Thursday, July 2, 2015

Brixham for freshest fish, tastiest crab. . . . . . . . .

Looking toward Brixham from Torquay.
As we crossed the bay by ferry to Brixham I looked back and saw the 
pink cottage where we were staying. Although I only had my Nikon point and shoot 
I was able to get some photos despite the great distance.
Earlier that morning, on our way to the harbor, we climbed up from the beach to the cliff path 
and walked along the top by the walls HERE in front of those houses above on the left. 

Loading the Brixham ferry at Torquay harbor.

Arriving in Brixham - cloudy skies but warm.

Brixham is famous as the town where the fishing trawler was improved 
in the19th century over the original British Dogger boats of the 17th century. 
Later the design of the elegant wooden Brixham Trawler spread across the world.

The William Prince of Orange statue - a great resting place for local gulls. This William
from the Dutch Republic became King William III of England.

Brixham's fresh crab sandwiches - the best anywhere - we always stop at the 
harbor for one of these!

Jasmin at the replica of Sir. Francis Drake's, ship the Golden Hind.
This favorite tourist attraction was actually constructed from an old fishing trawler,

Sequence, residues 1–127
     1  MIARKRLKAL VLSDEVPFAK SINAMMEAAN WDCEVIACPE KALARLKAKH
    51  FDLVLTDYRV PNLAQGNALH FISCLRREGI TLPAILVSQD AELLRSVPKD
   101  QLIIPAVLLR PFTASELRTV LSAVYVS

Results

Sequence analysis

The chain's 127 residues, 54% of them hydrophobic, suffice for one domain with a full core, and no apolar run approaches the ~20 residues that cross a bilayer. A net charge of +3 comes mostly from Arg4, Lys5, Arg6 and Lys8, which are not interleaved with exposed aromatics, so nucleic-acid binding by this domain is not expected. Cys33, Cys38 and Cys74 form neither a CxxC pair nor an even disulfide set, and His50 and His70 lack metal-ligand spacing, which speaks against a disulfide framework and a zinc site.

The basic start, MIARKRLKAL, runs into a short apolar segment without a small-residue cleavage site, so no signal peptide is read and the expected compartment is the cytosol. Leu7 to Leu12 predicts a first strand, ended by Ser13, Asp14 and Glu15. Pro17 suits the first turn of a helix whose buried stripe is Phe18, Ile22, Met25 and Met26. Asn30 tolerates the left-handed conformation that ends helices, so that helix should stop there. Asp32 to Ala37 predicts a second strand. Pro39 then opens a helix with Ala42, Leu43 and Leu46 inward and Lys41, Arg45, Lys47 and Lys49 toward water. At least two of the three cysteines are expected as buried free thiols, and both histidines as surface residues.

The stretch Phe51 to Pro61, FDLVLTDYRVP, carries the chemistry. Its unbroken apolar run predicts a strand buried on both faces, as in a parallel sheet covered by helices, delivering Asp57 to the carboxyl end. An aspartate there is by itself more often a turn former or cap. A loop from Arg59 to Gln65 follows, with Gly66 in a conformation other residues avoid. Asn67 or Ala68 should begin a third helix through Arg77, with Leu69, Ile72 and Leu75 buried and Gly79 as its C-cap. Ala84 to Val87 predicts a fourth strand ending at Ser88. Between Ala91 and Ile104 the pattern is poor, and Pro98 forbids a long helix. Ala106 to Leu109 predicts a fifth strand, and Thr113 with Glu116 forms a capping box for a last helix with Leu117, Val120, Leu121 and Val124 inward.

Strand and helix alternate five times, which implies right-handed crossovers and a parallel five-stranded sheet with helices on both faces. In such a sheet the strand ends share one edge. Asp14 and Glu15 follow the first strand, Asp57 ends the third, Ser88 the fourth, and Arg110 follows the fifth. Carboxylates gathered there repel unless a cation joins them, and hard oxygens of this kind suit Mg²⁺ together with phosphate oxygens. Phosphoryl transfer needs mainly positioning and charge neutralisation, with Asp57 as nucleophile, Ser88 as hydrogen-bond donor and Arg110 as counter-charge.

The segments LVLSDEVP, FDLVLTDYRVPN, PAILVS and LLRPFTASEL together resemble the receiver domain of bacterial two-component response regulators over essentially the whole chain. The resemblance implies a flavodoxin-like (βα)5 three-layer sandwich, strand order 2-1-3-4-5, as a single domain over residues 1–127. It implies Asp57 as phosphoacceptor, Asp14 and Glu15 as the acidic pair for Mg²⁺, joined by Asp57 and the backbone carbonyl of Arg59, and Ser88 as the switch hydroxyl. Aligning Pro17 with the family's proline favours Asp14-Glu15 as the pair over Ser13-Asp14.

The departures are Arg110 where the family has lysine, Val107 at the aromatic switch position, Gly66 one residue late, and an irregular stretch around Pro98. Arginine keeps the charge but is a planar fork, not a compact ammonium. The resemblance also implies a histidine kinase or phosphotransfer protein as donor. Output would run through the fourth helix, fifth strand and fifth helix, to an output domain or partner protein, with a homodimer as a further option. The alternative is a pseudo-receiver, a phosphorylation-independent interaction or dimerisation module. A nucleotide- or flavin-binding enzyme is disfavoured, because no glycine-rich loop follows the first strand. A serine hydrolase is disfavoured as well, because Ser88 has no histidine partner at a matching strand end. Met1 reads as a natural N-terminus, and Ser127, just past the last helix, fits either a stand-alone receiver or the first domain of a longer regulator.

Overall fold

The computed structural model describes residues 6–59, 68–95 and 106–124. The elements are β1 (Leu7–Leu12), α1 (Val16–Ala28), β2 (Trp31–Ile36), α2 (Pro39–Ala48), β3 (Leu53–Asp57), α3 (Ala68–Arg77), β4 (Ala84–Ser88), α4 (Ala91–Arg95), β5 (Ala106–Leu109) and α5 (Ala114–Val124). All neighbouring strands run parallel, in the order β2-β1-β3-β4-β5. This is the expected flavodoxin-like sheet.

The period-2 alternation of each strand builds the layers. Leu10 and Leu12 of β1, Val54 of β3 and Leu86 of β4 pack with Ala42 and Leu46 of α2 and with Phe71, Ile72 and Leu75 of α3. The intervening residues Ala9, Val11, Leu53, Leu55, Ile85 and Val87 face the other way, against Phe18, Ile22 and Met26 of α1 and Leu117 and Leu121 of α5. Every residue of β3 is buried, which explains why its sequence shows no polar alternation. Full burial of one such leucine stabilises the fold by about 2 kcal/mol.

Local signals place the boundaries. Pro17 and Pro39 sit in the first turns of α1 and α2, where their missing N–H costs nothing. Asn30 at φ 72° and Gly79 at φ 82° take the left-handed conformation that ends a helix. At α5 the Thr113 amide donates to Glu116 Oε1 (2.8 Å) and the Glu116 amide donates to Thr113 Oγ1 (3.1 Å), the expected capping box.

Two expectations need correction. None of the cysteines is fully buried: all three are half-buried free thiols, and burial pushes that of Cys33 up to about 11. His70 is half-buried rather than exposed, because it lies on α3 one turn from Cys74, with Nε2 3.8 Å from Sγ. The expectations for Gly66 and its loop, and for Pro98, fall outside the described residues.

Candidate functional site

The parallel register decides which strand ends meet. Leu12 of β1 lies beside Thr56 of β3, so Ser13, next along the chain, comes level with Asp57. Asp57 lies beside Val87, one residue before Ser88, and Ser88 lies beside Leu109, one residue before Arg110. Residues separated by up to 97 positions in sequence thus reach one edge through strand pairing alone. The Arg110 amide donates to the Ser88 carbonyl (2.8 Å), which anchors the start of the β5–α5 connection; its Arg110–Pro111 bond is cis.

and they did a great job I must say.

We walked up and down the tiny lanes along the hillsides above the harbor 
where many of the original cottages still stand. 
I recently acquired just one photo of my paternal grandmother taken outside one 
of these cottages, but sadly don't know which one as there have been many changes 
to the facades. I know little about her as she put my father into foster care at a 
young age and he never wanted to speak of his real family.
Bob has been working online to learn more about the family - this is how we knew 
of the general area of the town where the family lived in the late 1800's to early 1900's 
(my father was born in 1900). 
Later, in Torquay, walking back along the sea road to 'our cottage' as the sun went 
down, was the perfect ending to a very busy day.

Tuesday, June 30, 2015

Walking into town ----------

On our first morning in Torquay we were up early and walking to town. 
Warm and partly sunny it was perfect for a hike.
We walked along the beachfront from the cottage, climbing the cliff walk/steps up 
over Daddyhole Plain (above the rows of new-style beach huts) and along the 
Rock End section of the Southwest Coast Path.
Meadfoot Beach at low tide.
The tower, which you actually walk through, and sections of old wall, are all remaining 
of the former Rock End estate. Very expensive homes have been built here - you 
can imagine the beautiful sea views they must have.
Bob and Jasmin at Rock End.
This board shows our path along the cliffs - we climbed to Daddyhole Plain 
from Meadfoot Beach, following the coast pathway to Beacon Cove. With stops for 
gasping at the views across the bay - Jasmin had not been on this walk on her last 
visit many years back - and of course taking photos, it took about an hour.
Passing the Living Coasts - Britain's only coastal zoo - read more here